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Sir,
I have read your excellent magazine on and off for the past 20 years and subscribe now. It is complete and I need no other The cars. advertised there sometimes make me wish I was in England as I am sure by the time my magazine gets here the good stuff has been sold. Continue as you are, don’t make poorer quality.

But I am writing you about another matter that has made me so annoyed over a period of days that I feel I must write and get it off my chest—I will have told your group, and that is the most I can do. My subject is the British Car Industry. I can’t believe how it is screwing up! Each time I see your industry come to a cross point and I can figure out four ways to go, it always does the worst. Let’s look.

In 1950 I bought a used 1949 MG TC from a friend. I was in college then. This was the best car I have ever owned, service, driving, fun, and feel. I sold it in 1952 to buy a used, 4,000-mile Jaguar XK 120. This was the worst car I ever owned. Fun to drive but very bad mechanically. I was getting 35 miles to a water pump when I sold it, and had been to every mechanic in Los Angeles. I know that Jaguar made this model with the bad pump for at least two years. How could this be? They should have redesigned it when they found it was bad—but, instead, they kept producing the bad one, and it wasn’t until the XK140 came out that the problem was solved. Also, remember at this time the British had the distribution and reputation. Germans had VW coming in and Porsche, and the Japanese were still making those nice model airplanes with silk wings and rubber-band propellers.

Today, look at the figures in the enclosed clipping. Out of five companies selling less than last year, three are British and the others are Renault and Simca. I realise the Cortina doesn’t count, however. And the Capri is a real winner. [The clipping shows USA imports for March, 1970 against those for March, 1971, from the Wall Street Journal.—Ed].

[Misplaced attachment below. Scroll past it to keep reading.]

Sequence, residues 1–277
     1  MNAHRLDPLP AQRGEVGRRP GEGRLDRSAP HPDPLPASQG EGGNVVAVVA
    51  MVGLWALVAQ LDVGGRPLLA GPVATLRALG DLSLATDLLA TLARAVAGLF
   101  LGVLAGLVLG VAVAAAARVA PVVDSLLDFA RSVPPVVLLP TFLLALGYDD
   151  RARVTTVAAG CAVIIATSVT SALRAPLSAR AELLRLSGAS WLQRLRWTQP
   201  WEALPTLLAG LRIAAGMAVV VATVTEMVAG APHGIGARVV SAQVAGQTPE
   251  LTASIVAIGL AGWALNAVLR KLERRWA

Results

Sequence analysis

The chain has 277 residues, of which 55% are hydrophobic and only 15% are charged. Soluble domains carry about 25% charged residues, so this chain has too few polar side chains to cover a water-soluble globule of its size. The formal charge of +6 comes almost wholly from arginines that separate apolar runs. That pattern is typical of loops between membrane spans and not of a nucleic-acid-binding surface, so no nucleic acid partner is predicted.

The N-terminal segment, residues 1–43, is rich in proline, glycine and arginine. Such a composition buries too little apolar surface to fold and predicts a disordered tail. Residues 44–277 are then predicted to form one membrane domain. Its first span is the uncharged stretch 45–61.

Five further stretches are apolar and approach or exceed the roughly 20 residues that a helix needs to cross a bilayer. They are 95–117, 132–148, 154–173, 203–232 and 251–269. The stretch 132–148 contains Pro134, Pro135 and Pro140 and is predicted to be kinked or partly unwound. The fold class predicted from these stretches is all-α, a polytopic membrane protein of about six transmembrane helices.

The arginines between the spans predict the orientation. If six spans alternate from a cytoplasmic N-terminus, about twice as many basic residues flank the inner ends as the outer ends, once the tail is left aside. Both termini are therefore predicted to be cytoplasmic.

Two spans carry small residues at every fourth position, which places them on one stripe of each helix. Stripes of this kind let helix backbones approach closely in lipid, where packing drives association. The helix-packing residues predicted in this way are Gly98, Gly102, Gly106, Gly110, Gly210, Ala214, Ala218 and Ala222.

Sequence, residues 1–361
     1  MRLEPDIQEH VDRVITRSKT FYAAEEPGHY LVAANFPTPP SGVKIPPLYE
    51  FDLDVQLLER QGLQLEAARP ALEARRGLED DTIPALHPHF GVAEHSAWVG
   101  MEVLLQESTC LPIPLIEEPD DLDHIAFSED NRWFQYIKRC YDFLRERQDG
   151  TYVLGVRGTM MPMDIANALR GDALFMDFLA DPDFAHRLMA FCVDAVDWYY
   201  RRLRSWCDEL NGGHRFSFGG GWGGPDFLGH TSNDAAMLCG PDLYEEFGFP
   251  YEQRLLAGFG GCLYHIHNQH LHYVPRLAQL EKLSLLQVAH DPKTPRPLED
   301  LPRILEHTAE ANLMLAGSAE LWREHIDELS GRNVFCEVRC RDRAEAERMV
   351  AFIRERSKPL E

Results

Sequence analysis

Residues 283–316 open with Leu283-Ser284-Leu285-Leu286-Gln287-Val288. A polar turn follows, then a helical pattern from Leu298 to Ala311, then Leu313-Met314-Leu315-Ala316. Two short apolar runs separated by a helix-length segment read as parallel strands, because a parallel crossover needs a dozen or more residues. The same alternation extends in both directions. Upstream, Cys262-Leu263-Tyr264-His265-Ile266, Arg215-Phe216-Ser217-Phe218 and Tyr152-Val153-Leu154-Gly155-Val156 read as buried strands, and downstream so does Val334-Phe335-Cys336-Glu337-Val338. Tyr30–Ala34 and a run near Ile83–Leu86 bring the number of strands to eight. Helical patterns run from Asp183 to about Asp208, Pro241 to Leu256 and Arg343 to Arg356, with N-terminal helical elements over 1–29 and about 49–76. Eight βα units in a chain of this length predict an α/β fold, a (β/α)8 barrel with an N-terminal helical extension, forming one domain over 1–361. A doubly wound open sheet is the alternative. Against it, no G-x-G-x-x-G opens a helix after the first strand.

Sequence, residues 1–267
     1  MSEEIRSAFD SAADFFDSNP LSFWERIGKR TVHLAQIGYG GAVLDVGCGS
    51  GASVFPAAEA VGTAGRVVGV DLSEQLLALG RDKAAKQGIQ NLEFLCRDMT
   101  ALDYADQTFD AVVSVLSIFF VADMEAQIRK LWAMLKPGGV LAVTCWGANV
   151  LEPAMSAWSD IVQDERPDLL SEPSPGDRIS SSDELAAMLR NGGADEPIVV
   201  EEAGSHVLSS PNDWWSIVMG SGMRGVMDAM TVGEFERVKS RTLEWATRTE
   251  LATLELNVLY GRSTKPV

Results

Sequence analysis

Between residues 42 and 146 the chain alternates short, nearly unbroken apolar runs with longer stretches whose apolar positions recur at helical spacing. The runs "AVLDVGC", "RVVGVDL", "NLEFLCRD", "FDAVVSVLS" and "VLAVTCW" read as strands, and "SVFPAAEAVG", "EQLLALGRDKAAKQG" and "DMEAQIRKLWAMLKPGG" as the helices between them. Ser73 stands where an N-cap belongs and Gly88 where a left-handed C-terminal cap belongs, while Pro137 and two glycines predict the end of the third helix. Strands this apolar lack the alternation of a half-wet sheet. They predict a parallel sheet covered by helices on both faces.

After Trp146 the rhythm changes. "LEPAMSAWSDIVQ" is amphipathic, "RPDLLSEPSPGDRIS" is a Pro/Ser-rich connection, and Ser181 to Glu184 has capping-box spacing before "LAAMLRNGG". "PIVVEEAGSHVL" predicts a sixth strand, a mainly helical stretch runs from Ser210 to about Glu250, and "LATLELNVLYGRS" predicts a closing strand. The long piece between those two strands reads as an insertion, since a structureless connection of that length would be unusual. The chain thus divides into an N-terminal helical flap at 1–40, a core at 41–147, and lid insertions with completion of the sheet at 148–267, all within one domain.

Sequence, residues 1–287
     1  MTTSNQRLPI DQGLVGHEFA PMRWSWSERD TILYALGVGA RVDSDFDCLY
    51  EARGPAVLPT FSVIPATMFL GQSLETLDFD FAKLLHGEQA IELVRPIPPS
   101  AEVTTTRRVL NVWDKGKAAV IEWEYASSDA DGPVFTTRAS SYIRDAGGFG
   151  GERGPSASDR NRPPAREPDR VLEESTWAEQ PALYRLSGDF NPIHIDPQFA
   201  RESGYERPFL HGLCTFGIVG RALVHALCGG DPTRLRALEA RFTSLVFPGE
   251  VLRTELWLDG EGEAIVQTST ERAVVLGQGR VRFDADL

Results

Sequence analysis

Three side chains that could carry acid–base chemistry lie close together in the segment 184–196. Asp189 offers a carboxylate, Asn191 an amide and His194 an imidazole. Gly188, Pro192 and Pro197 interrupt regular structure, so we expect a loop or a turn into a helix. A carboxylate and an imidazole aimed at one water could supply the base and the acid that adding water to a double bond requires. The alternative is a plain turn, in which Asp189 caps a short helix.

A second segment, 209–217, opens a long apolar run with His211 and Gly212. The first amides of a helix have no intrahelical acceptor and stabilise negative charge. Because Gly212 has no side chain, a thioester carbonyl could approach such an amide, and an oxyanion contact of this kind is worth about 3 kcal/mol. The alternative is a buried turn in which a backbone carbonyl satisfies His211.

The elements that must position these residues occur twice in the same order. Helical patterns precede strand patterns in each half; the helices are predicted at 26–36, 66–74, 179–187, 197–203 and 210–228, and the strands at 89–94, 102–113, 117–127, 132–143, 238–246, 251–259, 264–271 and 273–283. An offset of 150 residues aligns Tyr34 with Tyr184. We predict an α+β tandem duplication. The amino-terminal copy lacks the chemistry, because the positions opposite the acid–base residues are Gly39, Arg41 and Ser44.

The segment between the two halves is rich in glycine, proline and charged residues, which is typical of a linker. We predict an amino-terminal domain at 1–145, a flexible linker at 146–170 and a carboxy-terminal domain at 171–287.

But Opel sold more than the whole British Motor Industry. How come? Why didn’t Chrysler go British instead of Japanese part way? There was a big market for you there but you were not ready.

Now let’s talk about what caused me to write this letter. I collect cars, so know of what I speak. When the MG-B changed to the next model I was interested to see what would develop. Here is a great chance to get back some of the prestige of the British cars and MG in general. When I saw they had shoehorned that obsolete piece of six-cyl. iron in and that was the new model, I burned up. Do these people think the public are fools? They are competing now against other companies who are not only not backward but are very forward. So Datsun came out with the 240Z and will get most of the market. If MG decided not to change the body and just put in a new engine, OK. It’s a nice body. But to put in an old engine… growl.

Rover I won’t even discuss, it has such a bad reputation. Triumph Stag—a new engine that puts out 150 b.h.p. doesn’t send me for $7,500. It must be tweakable for much more but why not sell it that way? I feel the big market is for cars $4,000 and under anyway. And now Jaguar comes. This is the only British car I have great respect for, except Lotus. Jaguar uses the same body and frame they have used for 10 years or so and puts a new engine in it. Gentlemen, it won’t work… you must open your eyes and look around. The country that has Lotus, Cosworth, Healey, and lots of small genius-type garages can do better. Please do better.

Qvale in San Francisco, who distributes Jensen, wants an Austin-Healey type car so bad he is even trying to finance it and get it built in Britain. Here is a good start. Put a nice grille on it, build a 2-litre or so s.o.h.c engine, put a Ferrari front and a Kamm tail on it and watch sales go. Don’t try anything radical, just do a nice job and it will sell itself. Best of luck….

Robert DeVore.
San Diego, Calif.